Note: In order to really understand this, the reader must do his best to read a lot of links provided. Also, see the discussion with Perry Robinson in the comboxes.
Triablogue has been linking to Perry Robinson’s blog where he lays out over several blog entries over several months, the history of what happened at CRI with Hank Hanegraaff, and Hank’s recent conversion to Eastern Orthodoxy. (See my other articles on Hank Hanegraaff’s conversion to Eastern Orthodoxy.) Perry is a former employee of CRI and was fired (it seems, for asking too many questions, etc.); and later converted to the Eastern Orthodox Church. When Hank Hanegraaff recently also converted to Eastern Orthodoxy, but was still promoting basic Protestant Evangelical doctrine at CRI, and not really accurate about many things within Eastern Orthodox theology, Perry has rightly been speaking out about this at his blog and in interviews.
Listening to whole interview that Perry Robinson did on the link with Paul Vendredi in this article, brings up lots of feelings of sadness and discouragement over what Hank Hanegraaff did to CRI and Walter Martin after Martin died.
When I first heard about how Hank Hanegraaff took over CRI , I was shocked and could not believe what I was reading and hearing. (please read the whole thing, especially how Darlene Martin, Walter Martin’s widow, described what happened to her; and Walter Martin’s daughter, Jill Martin Rische). I remember hearing hearing Jill Martin Rische on Janet Parshall’s radio show; sometime between 1996-2000 – I don’t remember exactly, ?), I became disillusioned with HH and CRI, but I kept listening for a while because Dr. James White was on the show about the King James Version Only Controversy and his radio discussions/debates with Roman Catholics Jimmy Akin and Tim Staples (along with finding web-sites/ blogs like
on the web) and I slowly realized the shallowness of the apologetics of CRI and at the same time I had become Reformed in my theology and local church issues /but was still learning how to “put it all together”, etc. Hank around that time also promoted Joni Eeareckon Tada’s book, When God Weeps, (her PCA pastor at the time Steve Estes, co-wrote it with her) – that was the best book I had read that explained God’s Sovereignty and Suffering. He also had John MacArthur on the program at least once, if I remember right, so I had to find a way to continue to trust God to work out whatever was going on behind the scenes, and at the same time use discernment and stay in the word and in prayer and “watch over your own heart” (Proverbs 4:23).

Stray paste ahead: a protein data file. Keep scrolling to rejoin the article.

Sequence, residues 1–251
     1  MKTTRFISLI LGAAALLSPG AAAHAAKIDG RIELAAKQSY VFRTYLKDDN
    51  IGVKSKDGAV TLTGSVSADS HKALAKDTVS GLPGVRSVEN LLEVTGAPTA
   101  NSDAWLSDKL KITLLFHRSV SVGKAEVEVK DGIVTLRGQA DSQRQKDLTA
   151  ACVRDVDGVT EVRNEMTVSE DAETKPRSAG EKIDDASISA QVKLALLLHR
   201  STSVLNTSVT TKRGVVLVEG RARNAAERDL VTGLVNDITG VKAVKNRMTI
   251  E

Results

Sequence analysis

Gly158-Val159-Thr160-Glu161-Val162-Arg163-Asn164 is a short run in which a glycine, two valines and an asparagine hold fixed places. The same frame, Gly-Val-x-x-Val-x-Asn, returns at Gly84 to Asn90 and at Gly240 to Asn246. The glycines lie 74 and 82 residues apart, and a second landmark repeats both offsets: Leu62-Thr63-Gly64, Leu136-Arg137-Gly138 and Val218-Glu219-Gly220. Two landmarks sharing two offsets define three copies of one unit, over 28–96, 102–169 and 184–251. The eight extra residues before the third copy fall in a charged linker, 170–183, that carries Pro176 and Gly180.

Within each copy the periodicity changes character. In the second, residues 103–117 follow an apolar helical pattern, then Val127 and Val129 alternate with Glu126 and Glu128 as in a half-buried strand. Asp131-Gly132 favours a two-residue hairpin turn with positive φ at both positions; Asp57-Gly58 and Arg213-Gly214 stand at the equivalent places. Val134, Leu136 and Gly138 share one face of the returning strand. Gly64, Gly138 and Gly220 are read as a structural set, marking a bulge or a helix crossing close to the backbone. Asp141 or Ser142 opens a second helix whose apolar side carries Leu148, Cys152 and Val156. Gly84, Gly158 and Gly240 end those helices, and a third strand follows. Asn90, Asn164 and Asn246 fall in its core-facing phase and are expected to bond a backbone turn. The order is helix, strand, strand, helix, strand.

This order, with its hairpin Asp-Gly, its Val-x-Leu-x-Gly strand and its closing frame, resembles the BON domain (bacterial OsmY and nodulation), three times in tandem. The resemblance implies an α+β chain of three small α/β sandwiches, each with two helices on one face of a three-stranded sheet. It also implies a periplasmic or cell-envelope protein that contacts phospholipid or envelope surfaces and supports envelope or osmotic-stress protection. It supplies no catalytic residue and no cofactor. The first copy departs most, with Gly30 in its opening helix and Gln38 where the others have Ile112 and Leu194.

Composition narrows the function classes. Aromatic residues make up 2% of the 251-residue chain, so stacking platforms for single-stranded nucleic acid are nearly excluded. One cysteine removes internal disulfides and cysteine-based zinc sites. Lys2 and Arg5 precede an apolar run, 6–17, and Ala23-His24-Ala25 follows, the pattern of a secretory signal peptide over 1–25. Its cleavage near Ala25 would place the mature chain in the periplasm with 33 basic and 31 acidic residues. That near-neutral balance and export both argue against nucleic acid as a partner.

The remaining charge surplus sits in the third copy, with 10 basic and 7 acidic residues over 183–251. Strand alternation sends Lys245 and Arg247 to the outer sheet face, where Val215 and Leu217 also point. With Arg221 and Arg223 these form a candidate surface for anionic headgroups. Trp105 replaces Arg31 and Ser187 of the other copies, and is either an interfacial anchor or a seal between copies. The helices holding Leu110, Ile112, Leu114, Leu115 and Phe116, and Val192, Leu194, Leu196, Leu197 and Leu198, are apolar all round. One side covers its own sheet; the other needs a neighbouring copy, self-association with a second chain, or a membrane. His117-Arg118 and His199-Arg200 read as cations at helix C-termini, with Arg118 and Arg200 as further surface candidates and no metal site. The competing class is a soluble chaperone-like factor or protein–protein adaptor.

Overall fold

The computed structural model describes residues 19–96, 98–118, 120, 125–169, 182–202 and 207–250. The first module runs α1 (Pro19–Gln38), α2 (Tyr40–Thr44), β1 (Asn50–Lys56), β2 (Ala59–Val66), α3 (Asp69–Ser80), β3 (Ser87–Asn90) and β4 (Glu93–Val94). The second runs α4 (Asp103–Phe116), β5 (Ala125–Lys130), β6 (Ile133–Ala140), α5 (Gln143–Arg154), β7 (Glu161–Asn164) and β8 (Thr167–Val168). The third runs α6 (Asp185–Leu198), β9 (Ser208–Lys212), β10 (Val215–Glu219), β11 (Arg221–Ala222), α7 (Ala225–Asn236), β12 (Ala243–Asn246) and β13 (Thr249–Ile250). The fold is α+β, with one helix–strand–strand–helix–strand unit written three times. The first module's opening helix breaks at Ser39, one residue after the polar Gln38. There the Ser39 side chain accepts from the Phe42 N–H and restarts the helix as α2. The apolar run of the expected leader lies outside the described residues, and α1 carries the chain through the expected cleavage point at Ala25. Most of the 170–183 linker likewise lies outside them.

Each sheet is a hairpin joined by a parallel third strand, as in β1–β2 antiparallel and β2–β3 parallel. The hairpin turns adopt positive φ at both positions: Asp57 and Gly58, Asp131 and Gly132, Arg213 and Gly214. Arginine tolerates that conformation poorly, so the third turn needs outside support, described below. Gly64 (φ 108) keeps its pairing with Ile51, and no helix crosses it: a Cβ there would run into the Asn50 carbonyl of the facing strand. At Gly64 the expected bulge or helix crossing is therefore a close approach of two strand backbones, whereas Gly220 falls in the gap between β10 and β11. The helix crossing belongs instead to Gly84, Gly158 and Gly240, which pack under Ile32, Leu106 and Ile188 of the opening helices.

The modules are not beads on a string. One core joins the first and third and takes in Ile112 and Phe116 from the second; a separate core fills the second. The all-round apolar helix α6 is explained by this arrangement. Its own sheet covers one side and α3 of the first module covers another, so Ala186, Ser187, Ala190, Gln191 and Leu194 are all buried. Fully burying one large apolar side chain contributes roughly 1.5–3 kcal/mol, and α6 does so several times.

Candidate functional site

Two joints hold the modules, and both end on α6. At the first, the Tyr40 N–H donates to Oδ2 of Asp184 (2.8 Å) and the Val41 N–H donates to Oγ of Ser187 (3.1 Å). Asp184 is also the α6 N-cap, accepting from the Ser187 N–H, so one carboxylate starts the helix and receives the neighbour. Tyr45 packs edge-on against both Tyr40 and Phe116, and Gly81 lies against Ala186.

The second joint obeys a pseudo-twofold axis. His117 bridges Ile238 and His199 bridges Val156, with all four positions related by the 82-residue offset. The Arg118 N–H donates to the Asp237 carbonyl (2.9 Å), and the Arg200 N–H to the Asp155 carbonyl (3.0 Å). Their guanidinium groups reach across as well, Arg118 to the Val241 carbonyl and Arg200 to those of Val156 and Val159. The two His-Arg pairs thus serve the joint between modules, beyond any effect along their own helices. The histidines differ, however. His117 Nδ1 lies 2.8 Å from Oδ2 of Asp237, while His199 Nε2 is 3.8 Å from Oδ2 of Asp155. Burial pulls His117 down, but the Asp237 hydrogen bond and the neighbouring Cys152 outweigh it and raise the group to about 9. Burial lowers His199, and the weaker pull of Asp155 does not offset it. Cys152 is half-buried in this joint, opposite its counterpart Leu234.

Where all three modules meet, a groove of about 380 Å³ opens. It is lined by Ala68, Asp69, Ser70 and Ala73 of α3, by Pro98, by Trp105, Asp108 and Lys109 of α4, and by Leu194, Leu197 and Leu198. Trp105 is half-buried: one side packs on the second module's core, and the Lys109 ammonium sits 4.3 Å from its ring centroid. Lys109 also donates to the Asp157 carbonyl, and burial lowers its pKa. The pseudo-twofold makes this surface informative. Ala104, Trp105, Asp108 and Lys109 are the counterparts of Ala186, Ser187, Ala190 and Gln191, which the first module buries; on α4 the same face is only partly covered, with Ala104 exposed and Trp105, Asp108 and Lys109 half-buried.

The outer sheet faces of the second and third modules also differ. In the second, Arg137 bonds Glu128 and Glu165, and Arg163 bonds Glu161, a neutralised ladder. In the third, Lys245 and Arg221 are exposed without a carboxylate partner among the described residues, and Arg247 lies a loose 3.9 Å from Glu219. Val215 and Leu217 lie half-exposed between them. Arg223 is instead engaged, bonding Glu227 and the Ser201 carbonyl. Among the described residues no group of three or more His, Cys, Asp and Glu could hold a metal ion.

Hank, on the BAM radio show, for a while allowed debate on the issues of Calvinism vs. Arminian theology and related issues, but he was also promoting Joni E. Tada’s book; and when I read it, it make me think HH was Reformed, but then later he came out against Reformed theology and was very strident against Calvinism and called it “believing that God created us puppets and “Chatty Kathy dolls”, (robots, no will at all, etc.)
For details on how the Martin family has been accusing Hanegraaff of sinfully taking over CRI, see here under several sections, especially, “Behind the Scenes” – the whole thing seems to comport with what Perry Robinson and others have been saying. The Rische’s documented a lot of other problems with Hank Hanegraaff. Much later, after I already stopped listening to the BAM show and decided to just let God work out all the unknowns and secret sins that were going on;
They also provided several audio tapes of Walter Martin (from his Sunday School classes) saying basically the same thing as the last paragraph in the above article. Read the whole article linked above. I remember listening to some of those linked above and hearing Dr. Walter Martin speak highly of Hank Hanegraaff and his gifts in marketing and business, etc. – whether Walter Martin meant for that to mean that Hank would be the President of CRI AND for Hank to be the main Bible Answer Man on the radio program, replacing more qualified people like Craig Hawkins, Ron Rhodes, Rob Bowman, and Kenneth Samples if Walter died, I doubt that, but that is up for interpretation. One reason I did not write about this stuff in previous blog articles about Hank Hanegraaff, is that a lot of this is a matter of “he said, she said” kind of thing that I do not have time to sort out on my own; and even now, it makes me wonder if the whole thing is just an example of jealousies between family members and lots of mixtures of both good and bad motives and actions on both sides. Here is an excerpt of Cindee Martin Morgan’s article: (see the audio tapes also; I don’t have time to track down every detail.)